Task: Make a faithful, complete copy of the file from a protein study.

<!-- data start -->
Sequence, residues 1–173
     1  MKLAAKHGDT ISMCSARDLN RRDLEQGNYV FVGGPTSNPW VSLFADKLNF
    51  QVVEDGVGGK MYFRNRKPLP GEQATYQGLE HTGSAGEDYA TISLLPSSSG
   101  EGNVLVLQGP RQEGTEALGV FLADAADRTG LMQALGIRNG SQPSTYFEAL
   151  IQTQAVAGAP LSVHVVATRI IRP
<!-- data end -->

Sequence, residues 1–173
     1  MKLAAKHGDT ISMCSARDLN RRDLEQGNYV FVGGPTSNPW VSLFADKLNF
    51  QVVEDGVGGK MYFRNRKPLP GEQATYQGLE HTGSAGEDYA TISLLPSSSG
   101  EGNVLVLQGP RQEGTEALGV FLADAADRTG LMQALGIRNG SQPSTYFEAL
   151  IQTQAVAGAP LSVHVVATRI IRP